Laura Miller | Category: The Christian Life
I have a love-hate relationship with New Year’s Resolutions. I don’t like feeling compelled to make promises I can’t be sure I am able to keep. This especially goes for resolutions where I resolve to lose XX amount of pounds or spend XX number of hours per week off the internet. Things happen, and while sometimes those things can legitimately interfere with the keeping of a resolution, I know myself too well and anticipate happily taking advantage of a good excuse to ditch the resolution.
But it’s not just those “good ideas” resolutions that stir up feelings of rebellion in me. So I guess it’s really a hate-hate relationship. But that shouldn’t be the case! I resist committing to resolutions that are really just simply recitations of Jesus’s commands to us in His Word, and that is sin. In truth, every directive by Christ should be followed by a “Yes! I will ____”, a resolution to be obedient. Another way of looking at resolutions is putting a plan in action to rightly respond to God’s call to live as one whose heart has been made new by the atoning work of Jesus and the sanctifying ministrations of the Spirit.
So perhaps I should say that I resolve to resolve – and then to keep those resolutions, by God’s mercy and grace – and to include my children in the process.
1. By making resolutions as a family, I have an opportunity to discuss with my children the tension between God’s preservation of our faith and our persevering response in obedience.
If we don’t help little hearts apprehend this tension, New Year’s Resolutions may result in nothing more than a cycle of moralistic intentions and bitter disappointments. If those intentions are wrongly skewed as a righteousness based on works, children can struggle with a false understanding of salvation. Reviewing Jesus’s commands with them provides the framework where we can show that He Himself is the means by which the commands are kept.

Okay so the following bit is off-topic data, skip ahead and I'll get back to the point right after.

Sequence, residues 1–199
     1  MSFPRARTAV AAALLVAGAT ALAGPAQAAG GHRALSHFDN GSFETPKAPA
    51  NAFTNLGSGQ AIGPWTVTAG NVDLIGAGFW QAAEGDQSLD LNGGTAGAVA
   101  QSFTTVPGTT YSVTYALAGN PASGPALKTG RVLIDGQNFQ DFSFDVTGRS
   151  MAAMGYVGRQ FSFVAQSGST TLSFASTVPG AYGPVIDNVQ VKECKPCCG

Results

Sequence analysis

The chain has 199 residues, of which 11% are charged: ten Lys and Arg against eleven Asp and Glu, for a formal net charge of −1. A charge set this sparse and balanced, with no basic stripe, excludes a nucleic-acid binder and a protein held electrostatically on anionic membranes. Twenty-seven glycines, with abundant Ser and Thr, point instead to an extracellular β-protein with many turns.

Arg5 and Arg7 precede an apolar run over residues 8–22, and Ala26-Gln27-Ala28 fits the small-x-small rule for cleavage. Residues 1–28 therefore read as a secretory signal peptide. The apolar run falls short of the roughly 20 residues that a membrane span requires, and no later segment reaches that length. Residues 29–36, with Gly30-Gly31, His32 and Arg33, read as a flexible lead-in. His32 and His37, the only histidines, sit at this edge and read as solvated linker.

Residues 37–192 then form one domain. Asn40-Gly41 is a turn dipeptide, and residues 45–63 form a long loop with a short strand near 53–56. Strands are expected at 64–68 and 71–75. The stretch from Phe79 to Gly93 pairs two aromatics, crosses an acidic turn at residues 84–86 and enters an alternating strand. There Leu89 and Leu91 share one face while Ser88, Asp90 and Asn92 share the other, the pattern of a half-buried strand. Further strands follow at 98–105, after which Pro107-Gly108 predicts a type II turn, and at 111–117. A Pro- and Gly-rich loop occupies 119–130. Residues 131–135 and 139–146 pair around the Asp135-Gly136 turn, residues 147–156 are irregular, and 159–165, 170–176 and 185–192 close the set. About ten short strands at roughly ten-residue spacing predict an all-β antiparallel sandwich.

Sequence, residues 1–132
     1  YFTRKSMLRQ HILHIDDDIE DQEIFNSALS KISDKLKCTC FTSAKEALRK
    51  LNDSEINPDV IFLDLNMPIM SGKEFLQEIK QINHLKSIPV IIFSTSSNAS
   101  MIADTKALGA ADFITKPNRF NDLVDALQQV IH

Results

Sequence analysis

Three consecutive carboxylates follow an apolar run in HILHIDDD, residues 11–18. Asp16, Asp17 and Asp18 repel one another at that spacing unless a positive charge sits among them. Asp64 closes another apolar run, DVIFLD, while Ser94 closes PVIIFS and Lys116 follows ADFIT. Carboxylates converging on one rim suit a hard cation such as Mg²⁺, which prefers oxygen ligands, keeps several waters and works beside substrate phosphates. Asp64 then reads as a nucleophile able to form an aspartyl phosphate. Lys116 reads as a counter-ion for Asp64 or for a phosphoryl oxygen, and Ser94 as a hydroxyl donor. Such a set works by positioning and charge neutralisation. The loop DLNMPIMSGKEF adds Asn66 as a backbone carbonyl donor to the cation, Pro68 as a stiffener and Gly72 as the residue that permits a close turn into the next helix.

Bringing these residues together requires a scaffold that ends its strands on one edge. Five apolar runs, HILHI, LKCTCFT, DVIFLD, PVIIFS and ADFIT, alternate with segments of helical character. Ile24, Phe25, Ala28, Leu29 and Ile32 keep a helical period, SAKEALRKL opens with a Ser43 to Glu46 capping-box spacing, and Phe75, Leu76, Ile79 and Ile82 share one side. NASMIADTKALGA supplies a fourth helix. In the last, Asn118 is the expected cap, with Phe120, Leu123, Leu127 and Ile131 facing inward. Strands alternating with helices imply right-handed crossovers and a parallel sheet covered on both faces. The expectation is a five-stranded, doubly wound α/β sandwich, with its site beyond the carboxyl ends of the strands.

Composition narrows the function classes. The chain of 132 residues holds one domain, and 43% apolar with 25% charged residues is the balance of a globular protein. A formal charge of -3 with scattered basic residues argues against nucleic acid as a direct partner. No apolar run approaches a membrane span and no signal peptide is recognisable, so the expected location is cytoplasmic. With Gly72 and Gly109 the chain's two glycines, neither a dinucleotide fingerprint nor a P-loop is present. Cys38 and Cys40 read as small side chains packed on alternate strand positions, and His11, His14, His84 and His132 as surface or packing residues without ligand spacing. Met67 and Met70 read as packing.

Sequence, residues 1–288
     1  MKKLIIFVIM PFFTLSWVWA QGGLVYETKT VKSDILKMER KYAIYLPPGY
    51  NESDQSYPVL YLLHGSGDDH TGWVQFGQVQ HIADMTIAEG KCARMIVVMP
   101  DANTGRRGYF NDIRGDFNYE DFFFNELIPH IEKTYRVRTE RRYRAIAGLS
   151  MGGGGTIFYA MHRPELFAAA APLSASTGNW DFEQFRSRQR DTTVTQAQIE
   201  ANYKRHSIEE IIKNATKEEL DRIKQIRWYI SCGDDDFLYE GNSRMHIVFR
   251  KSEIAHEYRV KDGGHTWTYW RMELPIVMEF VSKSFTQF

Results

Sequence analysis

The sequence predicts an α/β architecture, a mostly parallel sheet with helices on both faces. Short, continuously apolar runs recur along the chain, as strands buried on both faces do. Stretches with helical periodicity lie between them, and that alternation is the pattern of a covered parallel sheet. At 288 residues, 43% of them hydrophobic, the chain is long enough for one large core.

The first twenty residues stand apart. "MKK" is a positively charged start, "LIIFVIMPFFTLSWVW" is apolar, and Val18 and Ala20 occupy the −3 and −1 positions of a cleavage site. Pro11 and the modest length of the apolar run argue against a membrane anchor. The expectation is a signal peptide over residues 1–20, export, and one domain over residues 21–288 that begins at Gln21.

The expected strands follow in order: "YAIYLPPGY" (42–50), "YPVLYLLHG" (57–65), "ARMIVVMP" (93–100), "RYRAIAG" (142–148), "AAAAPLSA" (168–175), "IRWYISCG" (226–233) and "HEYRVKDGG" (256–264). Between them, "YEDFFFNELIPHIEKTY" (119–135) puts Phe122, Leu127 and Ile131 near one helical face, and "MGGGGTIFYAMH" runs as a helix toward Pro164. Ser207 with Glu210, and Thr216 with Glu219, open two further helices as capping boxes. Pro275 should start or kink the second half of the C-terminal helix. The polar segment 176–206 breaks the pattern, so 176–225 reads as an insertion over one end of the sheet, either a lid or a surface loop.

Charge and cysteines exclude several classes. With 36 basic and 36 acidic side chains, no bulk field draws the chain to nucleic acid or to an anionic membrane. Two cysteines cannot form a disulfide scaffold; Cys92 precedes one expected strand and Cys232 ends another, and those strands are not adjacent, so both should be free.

2. Kings give orders. Subjects obey. Grateful, adoring subjects obey happily and willingly. Resolutions are declarations that we subjects will happily and willingly honor our King.
Happy and willing are great key attitude words to discuss with children, as Philippians 2:14 admonishes all of us, “Do all things without grumbling or complaining.”
3. Making resolutions that align with Scripture help us meet that goal of bringing all areas of life into a thoughtful, disciplined submission to God.
That general, “I’ll do better next year” catch-all resolution – admit it – is usually forgotten after the first 24 hours. Lists of external self-improvements are subject to changing winds that follow our internal, variable moods. On the other hand, the Word never changes. The commands are right and undeniably divine. And we have access to the Spirit’s generous graces and mercies in keeping them. They are there in the earliest commands in the Sermon on the Mount – “Let your light shine”, “Do not be angry with your brother”, “Let what you say be simply ‘yes’ or ‘no’”, “Love your enemies and pray for those who persecute you” – to the final words of the Revelation of John – “Let the one who is thirsty come; let the one who desires take the water of life without price”, “Do not add to the words of this book”.
4. There is nothing more in the world that I want than for my children to know the Lord.
I have no greater joy than to hear that my children are walking in the truth. ~ 3 John 1:4
If I persevere to live according to the Scriptures, teaching them doctrine and songs of praise and memory verses, going to the Word on my knees with every challenge, joining with other believers in worship to give the Lord honor and praise and to hear His truths preached, discussing difficulties and obstacles and failures with my children, and showing them how I love Jesus and endeavor to make Him Lord of my life – difficulties and obstacles and failures and all, then they will see what it means to walk in the truth. My hope for 2014 is to see all my children walking in that Truth, and so I resolve I will depend wholly on the Lord for my strength, because that’s the best I can do for them.
Oh, my bad, there is one resolution you’ll have to make on your own: Read Scripture with your children. Regular times of Bible reading with the family will set the stage for those discussions about God’s commands and what we should resolve to do and how the Spirit helps us do it. Pray for strength. Pray for mercy. You’ll need it.
This entry was originally posted at Laura's blog surprisedtobeaguest.wordpress.com.
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